Many of us live with parents for the first two decades of life – and usually more. So when you move out of home and go somewhere else, it can be a real test of character.
In this post, we take a look at some of the things that you learn about yourself when you move away from home for the first time.
You Can Do More Than You Think
When you live with parents, you can get into the habit of thinking how hard it would be to live your life without them. But when you live independently, you often find yourself pleasantly surprised by what you can achieve. You thought you needed other people around you to help get you through the day. But actually, there’s a lot that you can do yourself.
This experience works on an unconscious level too. The more you realise you can do, the more challenges in life you’re likely to take on.
You Have To Rely On Yourself
When you live with your parents, you can always go to them if you have an emotional problem. But when you live independently, you learn to deal with more issues yourself. Many people find that this process actually helps them to become more robust characters. They are more able to deal with the punches that life throws at them and come back fighting afterwards.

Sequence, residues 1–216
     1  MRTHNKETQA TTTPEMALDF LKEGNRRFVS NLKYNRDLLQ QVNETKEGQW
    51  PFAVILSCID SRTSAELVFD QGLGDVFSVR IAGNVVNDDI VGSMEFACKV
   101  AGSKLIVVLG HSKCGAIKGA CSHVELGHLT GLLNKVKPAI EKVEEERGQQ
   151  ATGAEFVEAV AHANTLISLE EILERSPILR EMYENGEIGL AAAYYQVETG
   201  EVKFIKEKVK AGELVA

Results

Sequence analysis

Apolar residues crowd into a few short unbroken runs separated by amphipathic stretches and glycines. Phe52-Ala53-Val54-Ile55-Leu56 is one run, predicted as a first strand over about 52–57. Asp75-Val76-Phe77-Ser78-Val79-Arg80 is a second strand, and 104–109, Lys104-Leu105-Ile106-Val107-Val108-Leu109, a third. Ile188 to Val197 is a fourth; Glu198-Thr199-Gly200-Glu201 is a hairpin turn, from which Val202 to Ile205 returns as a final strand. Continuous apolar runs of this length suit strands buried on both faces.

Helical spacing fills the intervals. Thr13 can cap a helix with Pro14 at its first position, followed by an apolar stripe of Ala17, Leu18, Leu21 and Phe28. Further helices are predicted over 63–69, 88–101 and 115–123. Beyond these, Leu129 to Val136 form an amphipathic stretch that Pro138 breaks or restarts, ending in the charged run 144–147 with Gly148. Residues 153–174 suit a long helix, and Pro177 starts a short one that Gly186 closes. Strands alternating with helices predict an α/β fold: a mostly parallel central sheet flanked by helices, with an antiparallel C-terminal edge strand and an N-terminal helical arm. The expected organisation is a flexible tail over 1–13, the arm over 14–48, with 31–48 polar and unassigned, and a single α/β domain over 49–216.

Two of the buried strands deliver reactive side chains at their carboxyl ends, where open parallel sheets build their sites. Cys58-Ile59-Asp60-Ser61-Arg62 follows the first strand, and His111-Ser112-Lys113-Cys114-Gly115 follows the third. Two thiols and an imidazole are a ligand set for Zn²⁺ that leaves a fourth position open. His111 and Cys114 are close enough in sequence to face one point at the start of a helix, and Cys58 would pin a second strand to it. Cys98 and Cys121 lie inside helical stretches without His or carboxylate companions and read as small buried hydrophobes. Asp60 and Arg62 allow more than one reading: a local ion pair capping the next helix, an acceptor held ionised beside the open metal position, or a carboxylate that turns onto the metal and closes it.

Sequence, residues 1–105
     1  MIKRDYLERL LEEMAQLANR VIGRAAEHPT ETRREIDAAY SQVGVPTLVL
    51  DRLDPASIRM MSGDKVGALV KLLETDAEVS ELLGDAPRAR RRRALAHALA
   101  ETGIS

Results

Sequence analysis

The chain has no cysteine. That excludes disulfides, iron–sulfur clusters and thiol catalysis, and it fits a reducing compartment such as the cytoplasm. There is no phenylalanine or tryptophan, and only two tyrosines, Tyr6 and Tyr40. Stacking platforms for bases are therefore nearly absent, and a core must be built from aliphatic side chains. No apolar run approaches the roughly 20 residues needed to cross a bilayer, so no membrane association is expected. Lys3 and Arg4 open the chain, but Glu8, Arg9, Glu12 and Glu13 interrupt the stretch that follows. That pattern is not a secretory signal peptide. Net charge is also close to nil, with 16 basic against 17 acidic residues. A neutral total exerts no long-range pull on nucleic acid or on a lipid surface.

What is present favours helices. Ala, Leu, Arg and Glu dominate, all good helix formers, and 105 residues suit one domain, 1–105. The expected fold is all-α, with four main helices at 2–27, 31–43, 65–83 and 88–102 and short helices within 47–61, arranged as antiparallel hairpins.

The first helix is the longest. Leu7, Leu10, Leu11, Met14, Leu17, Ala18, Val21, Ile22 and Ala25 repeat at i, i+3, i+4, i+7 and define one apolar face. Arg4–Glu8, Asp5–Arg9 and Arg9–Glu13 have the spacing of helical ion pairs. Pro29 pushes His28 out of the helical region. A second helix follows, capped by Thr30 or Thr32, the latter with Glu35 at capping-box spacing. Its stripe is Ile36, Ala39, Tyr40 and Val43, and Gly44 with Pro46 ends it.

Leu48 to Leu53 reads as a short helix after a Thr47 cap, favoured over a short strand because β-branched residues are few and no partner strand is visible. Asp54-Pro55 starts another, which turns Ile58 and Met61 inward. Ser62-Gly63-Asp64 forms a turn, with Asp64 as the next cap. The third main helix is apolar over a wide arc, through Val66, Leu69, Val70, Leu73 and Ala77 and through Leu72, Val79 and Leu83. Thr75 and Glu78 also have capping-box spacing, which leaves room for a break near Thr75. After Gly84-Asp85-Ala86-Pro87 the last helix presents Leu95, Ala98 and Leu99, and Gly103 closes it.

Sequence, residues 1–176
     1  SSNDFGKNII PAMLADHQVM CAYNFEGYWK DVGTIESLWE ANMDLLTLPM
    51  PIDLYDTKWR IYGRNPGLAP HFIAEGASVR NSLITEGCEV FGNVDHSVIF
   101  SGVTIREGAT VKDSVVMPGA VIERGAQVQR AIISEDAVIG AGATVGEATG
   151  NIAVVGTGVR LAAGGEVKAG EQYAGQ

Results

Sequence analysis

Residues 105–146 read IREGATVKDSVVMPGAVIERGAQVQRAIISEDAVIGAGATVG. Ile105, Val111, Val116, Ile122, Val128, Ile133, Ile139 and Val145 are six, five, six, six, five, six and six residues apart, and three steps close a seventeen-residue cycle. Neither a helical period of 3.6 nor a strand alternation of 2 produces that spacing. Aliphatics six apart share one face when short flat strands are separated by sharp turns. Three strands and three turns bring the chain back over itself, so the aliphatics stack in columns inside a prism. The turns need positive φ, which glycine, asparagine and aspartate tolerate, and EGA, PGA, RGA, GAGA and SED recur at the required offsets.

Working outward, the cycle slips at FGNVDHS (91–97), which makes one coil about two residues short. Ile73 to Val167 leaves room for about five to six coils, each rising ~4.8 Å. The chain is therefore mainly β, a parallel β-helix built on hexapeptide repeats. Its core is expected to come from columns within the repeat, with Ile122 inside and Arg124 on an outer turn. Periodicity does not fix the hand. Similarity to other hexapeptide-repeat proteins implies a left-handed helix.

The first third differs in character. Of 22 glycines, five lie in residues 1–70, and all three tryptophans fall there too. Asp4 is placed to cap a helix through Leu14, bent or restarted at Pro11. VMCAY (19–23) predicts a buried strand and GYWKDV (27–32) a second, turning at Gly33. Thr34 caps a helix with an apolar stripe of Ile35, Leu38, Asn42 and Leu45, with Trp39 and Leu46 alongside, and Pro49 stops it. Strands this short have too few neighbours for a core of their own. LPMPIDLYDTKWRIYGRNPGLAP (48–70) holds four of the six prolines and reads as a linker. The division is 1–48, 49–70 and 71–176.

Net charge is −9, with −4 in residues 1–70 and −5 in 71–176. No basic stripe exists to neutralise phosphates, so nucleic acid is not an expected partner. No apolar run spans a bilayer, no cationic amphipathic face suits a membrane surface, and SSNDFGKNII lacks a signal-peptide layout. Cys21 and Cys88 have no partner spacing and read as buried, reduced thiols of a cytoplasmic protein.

You Get Used To Cooking For One
Cooking for one is a massive hassle. Very few stores sell fresh food suitable for just one person, so you often wind up with a lot of extra stuff. The trick here is to prepare meals in batches. If you have ingredients for four people, prepare four servings of a particular dish and then put the rest in containers and put it in the freezer for another day,
You Build New Relationships
When you’re stuck at home, you can get into the habit of relying on your parents to provide you with all the relationships you need to get by. However, when you live more independently, you need to focus on this relationship-building process yourself. Life as a boarding student, for instance, is all about gathering a family of people around you who support each other. Same goes for young professionals who move to new cities. Being independent forces you to strike out socially, develop new skills, and gain valuable contacts.
You Can Become More Financially Independent
When living at home, you depend almost entirely on your parents for your financial wellbeing. They support you by providing accommodation and paying all the bills. Unfortunately, this experience means that you don’t always learn a huge amount about managing your money. And as you get older, that can land you in a heap of trouble.
Learning to manage your finances at a young age can massively reward you as you grow up. Saving in your twenties pays off big-time once you hit your sixties.
So there you have it: some of the things you learn about yourself when you live more independently.